“Ah, sweet mystery of life, at last I’ve found you!”
When Mel Brooks is on, he’s fabulous and this is one of his directorial efforts which holds up for me just as well today as it did then. Over the years, I’ve discovered that not all of his movies work for me (History of the World, Part I) and some that did then (Spaceballs and Robin Hood, Men in Tights) don’t now. But this film has a great cast, doing fabulous work on wonderful sets that ends with not just one but two romances.
Dr. Frederick Frankenstein (Gene Wilder) – and that’s pronounced Fronkensteen – initially has little interest when told of his inheritance from his greatgrandfather in Transylvania. He’s a world renowned brain expert who pooh poohs the work of his famous cookoo grandfather and is due to be married to his fiancee Elizabeth (Madeline Kahn) in two weeks. But he’s persuaded to at least visit the old home castle and is supplied with laboratory assistant Inga (Terri Garr), general dogsbody Igor (Marty Feldman) and a housekeeper named Frau Blucher – whinnying! – (Cloris Leachman).
On his first night there, mysterious violin music leads him to the private library of his grandfather where Frederick discovers a neatly bound account – “How I Did It” – of the Baron’s work. After an all night cram session, Frederick decides that It. Just. Might. Work – if he can find the right body (it needs to be big) and the right brain. Fired with enthusiasm, he and Igor dig up a freshly hung corpse – filthy work only made worse when it starts raining – after which he sends Igor to the brain depositary to snatch the brain a brilliant scientist – oopsie when Igor drops it. Can Frederick correct where his grandfather went wrong and get the angry villagers to give him and the Creature (Peter Boyle) a chance?
After thinking about it and listening to the commentary by Mel Brooks, I’ve decided that Young Frankenstein works because they’re actually playing it fairly straight – which makes it all the more funny. And because the movie has emotion as well as comedy. Brooks says it can’t just be funny and nothing else – and this is why some of his later films fall flat for me. Actually the best relationship here is that between Frederick and the Creature.
Wilder, with his wild Einstein hair, is the one who initially gets you interested in the film and who carries that interest along. He can play “on the edge of insanity” better than a lot of actors as seen when he questions Igor about exactly whose brain is now in the Creature’s body. Terri Garr looks sweet and innocent, yet sexy, so Brooks can get away with all the double entendre jokes (“What knockers!”). Marty Feldman is the only one who could play Igor and he elevates the role beyond a mere gopher. I love watching to see which side his hump will be on in any one scene.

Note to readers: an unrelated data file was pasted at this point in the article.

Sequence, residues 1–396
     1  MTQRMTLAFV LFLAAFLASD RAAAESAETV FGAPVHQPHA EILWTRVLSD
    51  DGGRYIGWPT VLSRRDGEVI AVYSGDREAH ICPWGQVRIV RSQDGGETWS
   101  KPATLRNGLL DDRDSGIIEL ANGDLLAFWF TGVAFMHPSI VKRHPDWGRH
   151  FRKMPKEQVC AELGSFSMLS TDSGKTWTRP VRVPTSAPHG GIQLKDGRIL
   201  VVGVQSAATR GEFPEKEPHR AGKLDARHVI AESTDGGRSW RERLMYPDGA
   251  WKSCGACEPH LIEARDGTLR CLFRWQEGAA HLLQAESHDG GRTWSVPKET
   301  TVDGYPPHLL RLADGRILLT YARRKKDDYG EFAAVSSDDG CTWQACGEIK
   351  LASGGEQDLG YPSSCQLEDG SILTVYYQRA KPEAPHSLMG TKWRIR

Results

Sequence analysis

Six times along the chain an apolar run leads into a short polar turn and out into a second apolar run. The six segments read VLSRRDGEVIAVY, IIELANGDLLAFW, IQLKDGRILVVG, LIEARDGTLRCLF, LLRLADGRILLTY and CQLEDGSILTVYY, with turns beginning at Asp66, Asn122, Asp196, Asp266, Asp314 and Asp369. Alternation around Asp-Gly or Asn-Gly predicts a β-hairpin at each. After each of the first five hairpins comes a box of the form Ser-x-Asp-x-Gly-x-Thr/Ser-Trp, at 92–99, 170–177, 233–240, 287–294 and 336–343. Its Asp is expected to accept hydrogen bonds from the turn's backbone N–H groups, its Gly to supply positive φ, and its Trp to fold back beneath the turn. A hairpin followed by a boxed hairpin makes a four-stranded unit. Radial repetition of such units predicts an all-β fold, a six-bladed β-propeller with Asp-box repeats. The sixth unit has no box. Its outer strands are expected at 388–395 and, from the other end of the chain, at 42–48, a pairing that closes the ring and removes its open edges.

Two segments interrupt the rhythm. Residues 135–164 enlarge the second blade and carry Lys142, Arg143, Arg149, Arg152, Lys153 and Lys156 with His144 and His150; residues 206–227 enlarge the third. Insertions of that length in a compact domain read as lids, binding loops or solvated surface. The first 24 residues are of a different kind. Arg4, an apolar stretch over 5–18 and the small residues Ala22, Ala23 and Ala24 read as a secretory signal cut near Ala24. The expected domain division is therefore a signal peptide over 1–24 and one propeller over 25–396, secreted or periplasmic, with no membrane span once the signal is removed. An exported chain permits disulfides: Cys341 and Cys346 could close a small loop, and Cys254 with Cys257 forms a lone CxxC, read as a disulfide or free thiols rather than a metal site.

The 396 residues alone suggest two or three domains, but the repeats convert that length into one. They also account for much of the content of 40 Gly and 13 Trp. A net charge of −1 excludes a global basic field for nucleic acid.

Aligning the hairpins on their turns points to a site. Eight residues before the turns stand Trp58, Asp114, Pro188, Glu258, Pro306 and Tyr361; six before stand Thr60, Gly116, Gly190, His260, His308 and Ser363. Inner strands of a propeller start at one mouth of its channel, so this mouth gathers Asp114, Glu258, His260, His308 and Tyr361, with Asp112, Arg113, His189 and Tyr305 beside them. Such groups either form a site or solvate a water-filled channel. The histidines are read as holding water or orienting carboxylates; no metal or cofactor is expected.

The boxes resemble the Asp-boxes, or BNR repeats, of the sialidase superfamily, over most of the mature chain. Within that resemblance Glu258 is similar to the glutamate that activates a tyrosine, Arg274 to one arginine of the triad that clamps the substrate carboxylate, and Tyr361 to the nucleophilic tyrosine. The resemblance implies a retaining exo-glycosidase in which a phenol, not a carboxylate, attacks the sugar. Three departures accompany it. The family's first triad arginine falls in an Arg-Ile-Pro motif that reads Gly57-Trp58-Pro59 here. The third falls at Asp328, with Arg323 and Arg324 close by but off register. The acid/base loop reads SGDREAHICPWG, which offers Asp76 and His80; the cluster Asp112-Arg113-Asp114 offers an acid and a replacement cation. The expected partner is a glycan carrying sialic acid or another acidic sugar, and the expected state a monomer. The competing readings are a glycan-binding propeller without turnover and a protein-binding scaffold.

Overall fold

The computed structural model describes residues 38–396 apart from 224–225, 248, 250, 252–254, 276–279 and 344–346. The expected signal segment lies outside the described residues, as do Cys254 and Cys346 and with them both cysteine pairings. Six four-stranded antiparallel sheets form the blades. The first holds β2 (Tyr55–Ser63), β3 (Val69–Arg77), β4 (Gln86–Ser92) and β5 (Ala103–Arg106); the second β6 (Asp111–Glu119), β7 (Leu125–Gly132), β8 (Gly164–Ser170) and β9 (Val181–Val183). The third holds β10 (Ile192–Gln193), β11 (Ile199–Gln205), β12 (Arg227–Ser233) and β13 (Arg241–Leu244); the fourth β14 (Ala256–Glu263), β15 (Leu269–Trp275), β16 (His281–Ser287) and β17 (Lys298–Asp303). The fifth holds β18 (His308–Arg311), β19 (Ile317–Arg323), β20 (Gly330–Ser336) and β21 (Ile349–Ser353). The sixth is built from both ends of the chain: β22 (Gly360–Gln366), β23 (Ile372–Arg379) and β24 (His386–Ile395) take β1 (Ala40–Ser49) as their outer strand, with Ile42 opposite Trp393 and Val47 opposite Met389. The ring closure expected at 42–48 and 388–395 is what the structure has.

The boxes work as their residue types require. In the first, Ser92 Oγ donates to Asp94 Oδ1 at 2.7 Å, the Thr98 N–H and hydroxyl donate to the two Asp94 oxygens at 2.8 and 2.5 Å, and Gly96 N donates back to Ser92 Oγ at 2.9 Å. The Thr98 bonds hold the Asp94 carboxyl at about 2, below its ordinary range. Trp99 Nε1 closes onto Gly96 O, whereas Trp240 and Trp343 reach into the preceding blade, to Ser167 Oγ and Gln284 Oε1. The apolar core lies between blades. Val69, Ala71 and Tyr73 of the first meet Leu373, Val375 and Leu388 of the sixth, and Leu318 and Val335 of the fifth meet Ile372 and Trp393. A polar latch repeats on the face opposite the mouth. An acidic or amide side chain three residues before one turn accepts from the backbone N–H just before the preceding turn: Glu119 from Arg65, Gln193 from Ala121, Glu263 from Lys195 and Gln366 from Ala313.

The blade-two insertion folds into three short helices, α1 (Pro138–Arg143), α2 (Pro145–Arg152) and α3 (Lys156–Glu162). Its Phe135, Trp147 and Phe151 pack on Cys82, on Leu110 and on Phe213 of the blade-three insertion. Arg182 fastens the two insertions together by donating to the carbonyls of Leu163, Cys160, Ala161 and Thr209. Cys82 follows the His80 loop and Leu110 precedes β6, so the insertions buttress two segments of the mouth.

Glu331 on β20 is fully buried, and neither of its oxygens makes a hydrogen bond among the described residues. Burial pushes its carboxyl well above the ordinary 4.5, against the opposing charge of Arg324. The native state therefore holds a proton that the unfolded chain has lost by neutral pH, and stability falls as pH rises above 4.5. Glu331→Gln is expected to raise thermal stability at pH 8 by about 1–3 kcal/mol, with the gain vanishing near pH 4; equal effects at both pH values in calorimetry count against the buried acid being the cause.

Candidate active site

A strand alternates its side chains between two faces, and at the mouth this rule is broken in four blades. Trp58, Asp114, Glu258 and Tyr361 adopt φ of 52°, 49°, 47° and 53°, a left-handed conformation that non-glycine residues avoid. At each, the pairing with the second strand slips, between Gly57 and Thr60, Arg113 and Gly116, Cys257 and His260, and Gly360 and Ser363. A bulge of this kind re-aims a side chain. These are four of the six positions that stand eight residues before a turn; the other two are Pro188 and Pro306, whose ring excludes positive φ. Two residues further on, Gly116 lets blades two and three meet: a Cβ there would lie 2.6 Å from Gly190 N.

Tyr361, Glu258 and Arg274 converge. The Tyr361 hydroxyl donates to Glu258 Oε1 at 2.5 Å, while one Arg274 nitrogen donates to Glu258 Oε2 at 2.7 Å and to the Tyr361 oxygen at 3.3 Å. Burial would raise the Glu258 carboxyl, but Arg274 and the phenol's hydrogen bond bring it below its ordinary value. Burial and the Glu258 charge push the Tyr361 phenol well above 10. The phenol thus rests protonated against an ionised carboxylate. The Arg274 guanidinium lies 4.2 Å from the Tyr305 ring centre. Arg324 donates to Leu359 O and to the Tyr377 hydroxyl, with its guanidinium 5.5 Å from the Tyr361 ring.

Peter Boyle does an amazing job getting me to love the Creature even though his lines are limited for most of the movie to whimpers, Hmmmmmms and Mmmmmmms. But when, after the brain transference, he does finally speak he makes an eloquent plea for those judged as “different” by society. Madeline Kahn chose the smaller role of Elizabeth but it’s only smaller in terms of the number of lines she has. When she’s onscreen, she’s dazzling. Leachman is a delight as the woman whose name makes horses whinny in fright.
And lets not forget the angry villagers with pitchforks and torches. Never underestimate villagers with pitchforks and torches. Kenneth Mars is the Inspector whose thick accent even the other villagers can’t always understand (“Footschtops!”) but who knows how to win a dart game. However I think one of the loveliest scenes in the film is that between the Creature and a blind hermit. I don’t know how many times I saw the movie before realizing who plays the hermit.
The film isn’t above silly sight gags – such as the “walk this way” arrival in Transylvania and “extra hand” after digging up the body scenes – but since they’re funny too, I agree with Brooks and Wilder in including them. But in the screenplay and choice of B&W photography, Brooks and Wilder reveal a comfortable knowledge about and genuine love of the films they’re spoofing. Honestly I’ve never watched the originals, but after seeing Young Frankenstein I feel that not only have I seen them but that someone’s gone them one better.